In the latest news and analysis…
Reuters reports that while Washington tries to decide whether or not the Egyptian military’s ouster of a democratically elected president constitutes a coup, the US will continue delivering “aid” to Egypt in the form of F-16 fighter jets:
“A U.S. decision to brand [President Mohamed Mursi’s] overthrow a coup would, by U.S. law, require Washington to halt aid to the Egyptian military, which receives the lion’s share of the $1.5 billion in annual U.S. assistance to that country.
The jets, which will likely be delivered in August and are built by Lockheed Martin Corp, are part of the annual aid package, a U.S. defense official said.
Asked about the F-16s, White House spokesman Jay Carney said: ‘It’s our view that we should not … hastily change our aid programs.’ ”
Voice of America reports that a European court has blocked Malta’s plan to deport Somali migrants to Libya:
“Maltese authorities had intended to send two planes back to Libya carrying 45 Somali migrants who had arrived Tuesday. But the European Court of Human Rights issued a ruling banning the repatriations.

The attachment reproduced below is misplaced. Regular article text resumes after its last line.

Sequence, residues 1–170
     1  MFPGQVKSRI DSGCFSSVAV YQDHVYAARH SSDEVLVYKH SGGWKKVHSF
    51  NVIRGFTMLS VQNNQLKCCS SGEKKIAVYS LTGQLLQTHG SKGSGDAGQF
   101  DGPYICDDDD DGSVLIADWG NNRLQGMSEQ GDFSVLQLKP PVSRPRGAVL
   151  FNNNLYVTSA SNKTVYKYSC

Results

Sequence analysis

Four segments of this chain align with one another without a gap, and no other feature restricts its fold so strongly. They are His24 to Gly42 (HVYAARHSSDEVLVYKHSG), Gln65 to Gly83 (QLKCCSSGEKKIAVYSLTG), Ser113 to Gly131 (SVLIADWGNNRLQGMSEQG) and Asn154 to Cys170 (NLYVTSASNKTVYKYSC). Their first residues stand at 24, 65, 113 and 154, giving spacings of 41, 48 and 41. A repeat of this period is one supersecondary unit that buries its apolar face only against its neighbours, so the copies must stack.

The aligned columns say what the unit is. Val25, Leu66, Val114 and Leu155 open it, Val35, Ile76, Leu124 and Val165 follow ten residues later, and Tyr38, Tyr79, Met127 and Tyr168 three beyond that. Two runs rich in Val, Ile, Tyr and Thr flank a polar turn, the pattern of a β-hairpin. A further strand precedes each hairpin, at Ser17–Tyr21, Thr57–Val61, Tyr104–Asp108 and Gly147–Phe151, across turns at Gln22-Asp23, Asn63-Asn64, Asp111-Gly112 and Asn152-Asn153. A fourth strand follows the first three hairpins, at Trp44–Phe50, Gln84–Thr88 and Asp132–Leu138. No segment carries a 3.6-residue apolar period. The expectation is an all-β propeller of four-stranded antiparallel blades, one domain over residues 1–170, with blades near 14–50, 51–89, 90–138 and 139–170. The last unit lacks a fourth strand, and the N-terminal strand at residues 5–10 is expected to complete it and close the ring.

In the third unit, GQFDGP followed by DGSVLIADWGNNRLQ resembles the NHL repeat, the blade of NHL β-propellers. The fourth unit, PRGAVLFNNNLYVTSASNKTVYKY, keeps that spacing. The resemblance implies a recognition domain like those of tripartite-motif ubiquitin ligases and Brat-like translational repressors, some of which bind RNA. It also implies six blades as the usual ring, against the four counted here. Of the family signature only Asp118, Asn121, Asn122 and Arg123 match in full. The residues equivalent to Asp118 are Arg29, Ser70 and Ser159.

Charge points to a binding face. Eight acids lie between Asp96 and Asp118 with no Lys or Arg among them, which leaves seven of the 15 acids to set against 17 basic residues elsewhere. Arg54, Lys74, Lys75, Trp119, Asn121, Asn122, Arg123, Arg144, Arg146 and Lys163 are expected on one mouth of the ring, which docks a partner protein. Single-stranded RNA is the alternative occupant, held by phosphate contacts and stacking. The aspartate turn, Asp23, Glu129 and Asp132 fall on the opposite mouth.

Authorities say more than 400 migrants have arrived on the island in the past week, including babies, pregnant women and three men with gunshot wounds. Most are Eritrean or Somali.
The European Court of Human Rights declared illegal in 2009 the practice of so-called ‘push back’ – where migrants are forced to return where they came from.”
The Guardian reports that members of a palm-oil industry sustainability initiative have been implicated in “Asia’s worst air pollution crisis in decades”: